NEW YORK — Now, that was a playoff game.

After three games that weren’t very close on the scoreboard and didn’t boast much in the physicality department, Game 4 between the Sixers and Nets was a doozy.

From transcendent play to a fight that led to ejections to a few late-game heroics, the Sixers’ 112-108 win in Brooklyn Saturday afternoon had everything you could’ve wanted in a postseason basketball game (see observations).

Although nothing crazy had occurred, you could feel tension building with Jared Dudley. He’d called out Ben Simmons multiple times — which hasn’t worked out too well — and Nets coach Kenny Atkinson has used the veteran as an energy-type player off his bench. Atkinson opted to use Dudley in the starting lineup Saturday with explosive results. 

With 7:42 left in the third quarter, Jarrett Allen went up for a shot that was contested by Joel Embiid. Dudley, who thought the contact was excessive, ran and pushed Embiid in the back. Jimmy Butler wasted little time in coming to the defense of his big man, shoving Dudley (see video)

When the dust settled, Embiid was assessed a Flagrant 1 foul, his second of the playoffs on Allen, and Butler and Dudley were both ejected. That’s a hell of a trade-off for the Nets, but it did fire up Embiid, who was brilliant on Saturday, recording 31 points, 16 rebounds, seven assists and six blocks in 31 minutes.


I for sure fed off of that. The fact that he had my back and, like I said, I’m going to pay that fine. That was great to see. You know Mike [Scott] has kind of been doing that all season. I’m sure if he was on the court and then someone would’ve pushed me, he’s always tenacious and has our back. Tonight, it was Jimmy so it’s a great to see that. You play with guys that care about you, that have your back and I don’t have to do anything else but just go back and have their back and that’s by dominating and trying to get us a win.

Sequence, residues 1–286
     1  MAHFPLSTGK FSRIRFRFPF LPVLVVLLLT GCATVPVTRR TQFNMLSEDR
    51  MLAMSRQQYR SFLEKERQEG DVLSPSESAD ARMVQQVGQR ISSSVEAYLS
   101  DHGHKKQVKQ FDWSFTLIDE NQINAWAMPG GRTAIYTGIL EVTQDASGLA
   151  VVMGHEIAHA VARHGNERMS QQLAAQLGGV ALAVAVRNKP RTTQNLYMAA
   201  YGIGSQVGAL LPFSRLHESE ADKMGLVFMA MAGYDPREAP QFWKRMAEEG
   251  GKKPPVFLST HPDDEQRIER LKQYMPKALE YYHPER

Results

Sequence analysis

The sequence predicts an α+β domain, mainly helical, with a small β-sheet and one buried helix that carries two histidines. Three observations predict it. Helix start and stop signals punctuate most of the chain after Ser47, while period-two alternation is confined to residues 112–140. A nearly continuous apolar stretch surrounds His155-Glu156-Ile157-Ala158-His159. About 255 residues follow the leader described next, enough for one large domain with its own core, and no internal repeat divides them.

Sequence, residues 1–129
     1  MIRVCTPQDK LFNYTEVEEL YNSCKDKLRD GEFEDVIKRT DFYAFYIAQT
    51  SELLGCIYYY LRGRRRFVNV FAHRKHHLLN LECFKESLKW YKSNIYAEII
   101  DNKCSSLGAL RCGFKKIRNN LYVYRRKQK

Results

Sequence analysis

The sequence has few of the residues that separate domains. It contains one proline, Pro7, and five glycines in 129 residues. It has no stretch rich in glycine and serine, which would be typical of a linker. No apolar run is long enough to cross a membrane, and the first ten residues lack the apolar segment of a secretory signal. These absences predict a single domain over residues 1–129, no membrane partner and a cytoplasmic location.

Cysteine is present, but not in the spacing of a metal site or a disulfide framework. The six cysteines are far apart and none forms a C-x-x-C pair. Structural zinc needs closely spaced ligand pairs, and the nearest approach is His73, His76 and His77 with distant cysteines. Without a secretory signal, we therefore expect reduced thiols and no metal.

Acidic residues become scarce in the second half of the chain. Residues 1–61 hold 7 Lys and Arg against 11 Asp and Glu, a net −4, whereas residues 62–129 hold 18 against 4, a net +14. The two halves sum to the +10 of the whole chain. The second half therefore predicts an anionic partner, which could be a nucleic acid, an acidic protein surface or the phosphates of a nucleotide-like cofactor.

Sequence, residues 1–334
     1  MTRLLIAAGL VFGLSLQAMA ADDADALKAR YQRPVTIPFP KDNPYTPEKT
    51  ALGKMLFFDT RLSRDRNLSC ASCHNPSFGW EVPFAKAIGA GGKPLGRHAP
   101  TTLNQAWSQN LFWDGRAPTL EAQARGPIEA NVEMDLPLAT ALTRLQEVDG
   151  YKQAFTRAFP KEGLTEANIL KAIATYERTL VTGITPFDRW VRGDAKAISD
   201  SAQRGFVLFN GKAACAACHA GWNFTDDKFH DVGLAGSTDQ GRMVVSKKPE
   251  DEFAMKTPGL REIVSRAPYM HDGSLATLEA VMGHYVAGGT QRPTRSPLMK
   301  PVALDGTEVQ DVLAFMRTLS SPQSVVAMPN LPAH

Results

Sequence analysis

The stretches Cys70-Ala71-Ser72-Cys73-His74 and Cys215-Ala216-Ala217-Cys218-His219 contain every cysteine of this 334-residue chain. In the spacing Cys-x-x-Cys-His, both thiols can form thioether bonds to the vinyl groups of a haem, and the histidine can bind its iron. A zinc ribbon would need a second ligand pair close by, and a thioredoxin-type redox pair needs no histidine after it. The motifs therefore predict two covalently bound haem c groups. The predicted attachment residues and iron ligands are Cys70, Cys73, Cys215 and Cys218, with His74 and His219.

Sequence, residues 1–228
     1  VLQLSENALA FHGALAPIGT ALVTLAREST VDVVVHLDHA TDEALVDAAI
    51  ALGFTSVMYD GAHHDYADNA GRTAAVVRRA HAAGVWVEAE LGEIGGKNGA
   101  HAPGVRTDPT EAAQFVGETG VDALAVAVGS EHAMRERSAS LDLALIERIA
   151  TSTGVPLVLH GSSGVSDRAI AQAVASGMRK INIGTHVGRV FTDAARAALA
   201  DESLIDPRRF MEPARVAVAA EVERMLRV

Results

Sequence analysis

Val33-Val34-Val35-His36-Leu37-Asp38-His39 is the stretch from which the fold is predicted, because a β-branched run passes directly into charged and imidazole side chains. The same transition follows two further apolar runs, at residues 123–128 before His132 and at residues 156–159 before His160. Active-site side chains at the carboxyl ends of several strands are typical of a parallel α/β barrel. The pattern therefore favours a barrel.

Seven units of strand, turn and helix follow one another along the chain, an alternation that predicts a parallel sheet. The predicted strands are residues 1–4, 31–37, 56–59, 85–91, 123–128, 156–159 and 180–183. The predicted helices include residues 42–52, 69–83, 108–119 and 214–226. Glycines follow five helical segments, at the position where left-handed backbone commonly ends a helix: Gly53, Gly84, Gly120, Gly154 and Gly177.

Embiid is definitely right about Scott. Scott has come to the defense of his teammates on multiple occasions since coming over at the trade deadline from the Clippers. He’s made it known he’s not a man to be trifled with.

But in this game, Scott and Butler sort of traded roles. While it was Butler who stood up for Embiid, it was Scott who played hero in the fourth quarter. With just 19.7 seconds left and the Sixers trailing 108-107, Scott nailed a corner three off a broken play that put the team up for good.

Scott is a man of few words, but when he does speak, he’s candid and it’s usually entertaining. He described the melee in the third as “great basketball” and was short and sweet in describing his huge late-game trey.

My job was just to space the floor and be a decoy. Tobias [Harris] tried to get it to Jo and I think the pass got deflected. Jo made a hell of a hustle play, saw me in the corner … cashed out.

On the next possession, the Sixers smothered Allen down low as Ben Simmons ripped the ball out of the big man’s hands. 

It was just another impressive example of the Sixers’ physical dominance over the Nets so far in this series.

“I thought as a team we had a physical play at the end where Ben ended up just kind of taking the ball and Tobias hit those free throws,” Brett Brown said. “Defensively, to hold that team to 17 fourth-quarter points in a game that’s clearly an important game for both of us. I thought our defense rose to another level in the fourth period when it mattered most.”

The Sixers went from dropping Game 1 to being on the brink of ending this thing in five games when the teams return to the Wells Fargo Center Tuesday night.

How can the Sixers pull off their fourth straight win and eliminate the Nets?

“Stay physical. Get them off the three. Get them uncomfortable,” Scott said. “Just make shots, play in front of that crowd and end it.”


The man doesn’t mess around and neither have the Sixers over the last three games.

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